FIRE AND EMERGENCY MANUFACTURERS AND SERVICES ASSOCIATION

Fire Lane: Family Businesses and Succession Planning

 

At the FEMSA/FAMA Annual/Fall Conference in Toronto, Richard Bryan was the closing keynote, speaking on learning to lead and picking A-Players to succeed. In addition, he provided a Fire Lane Presentation on family businesses and succession planning.

Bryan took over his family’s almost 100-year old business as an inexperienced 28-year old when his father had to retire suddenly due to illness. Bryan stabilized the business, and was able to get his fellow shareholders (all family members) to agree to sell the business several years later. He shared his lessons of taking over the business from his father and getting the family to agree to part with something that had been a part of their lives for five generations.

While no one wants to think about succession planning, it is essential to the long-term success and stability of the business. In addition, there are two levels of succession planning that a company has to have: emergency temporary succession planning (due to temporary illness or incapacity) and the longer-term planned succession. As Bryan stated, it is essential that it is a written plan and shared with the key players and advisors so that everyone is aware. He said it is also vital that successors meet and establish a relationship with the trusted advisors, so they are not just names on paper.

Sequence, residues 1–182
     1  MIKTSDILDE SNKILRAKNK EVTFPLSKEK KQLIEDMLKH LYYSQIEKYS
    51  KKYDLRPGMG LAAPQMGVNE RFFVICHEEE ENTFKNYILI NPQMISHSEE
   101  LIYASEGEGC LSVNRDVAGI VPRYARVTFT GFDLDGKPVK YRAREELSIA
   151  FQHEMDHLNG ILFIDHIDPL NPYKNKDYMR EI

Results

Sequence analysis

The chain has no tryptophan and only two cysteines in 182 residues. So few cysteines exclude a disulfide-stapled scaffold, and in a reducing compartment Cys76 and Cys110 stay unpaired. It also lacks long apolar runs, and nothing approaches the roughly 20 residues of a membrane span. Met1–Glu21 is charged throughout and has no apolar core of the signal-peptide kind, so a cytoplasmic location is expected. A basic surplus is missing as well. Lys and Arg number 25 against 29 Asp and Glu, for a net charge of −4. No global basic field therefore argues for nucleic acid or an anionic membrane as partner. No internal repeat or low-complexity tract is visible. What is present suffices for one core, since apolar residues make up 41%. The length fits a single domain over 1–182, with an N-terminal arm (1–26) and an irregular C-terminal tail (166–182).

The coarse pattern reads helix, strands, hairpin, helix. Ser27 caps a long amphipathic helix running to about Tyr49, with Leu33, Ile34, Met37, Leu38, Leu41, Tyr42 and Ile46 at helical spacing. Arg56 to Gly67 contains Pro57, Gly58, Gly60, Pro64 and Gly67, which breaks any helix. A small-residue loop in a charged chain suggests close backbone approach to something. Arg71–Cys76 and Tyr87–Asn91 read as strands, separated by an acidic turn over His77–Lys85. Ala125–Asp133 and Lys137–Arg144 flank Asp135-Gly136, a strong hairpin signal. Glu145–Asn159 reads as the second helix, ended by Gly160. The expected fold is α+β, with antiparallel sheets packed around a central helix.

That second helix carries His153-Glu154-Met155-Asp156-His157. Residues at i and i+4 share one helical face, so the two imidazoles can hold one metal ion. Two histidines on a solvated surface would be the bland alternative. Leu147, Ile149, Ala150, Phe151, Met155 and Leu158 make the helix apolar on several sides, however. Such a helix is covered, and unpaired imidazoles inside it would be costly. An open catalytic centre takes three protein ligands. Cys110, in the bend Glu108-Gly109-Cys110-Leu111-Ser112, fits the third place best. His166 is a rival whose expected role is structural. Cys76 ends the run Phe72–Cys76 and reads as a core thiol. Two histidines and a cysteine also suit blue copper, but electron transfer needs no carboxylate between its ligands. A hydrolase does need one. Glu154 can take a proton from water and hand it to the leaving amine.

Bryan stated that the key to successful succession planning is to start with the long-term end result in mind: do you want to pass the business to family; or do you want to exit completely and transfer the business to employees or a third party? Either way, the transition should begin five to 10 years before exiting the business. This allows a few years for the successor to ramp up and learn the various aspects of the business and to gain the experience and credibility with the staff and key advisors before the predecessor transitions out.

When it’s a family business, he noted that special care is needed because the person transitioning out has dedicated   a good part of their life to that organization, and in many ways the company is a big part of their “Who am I?” and identity. As a result, understanding the psychology of transition is essential and that conflict will be natural, especially as the new generation implements changes. Finding the right balance between change and tradition, and communication between generations will make the process much smoother.

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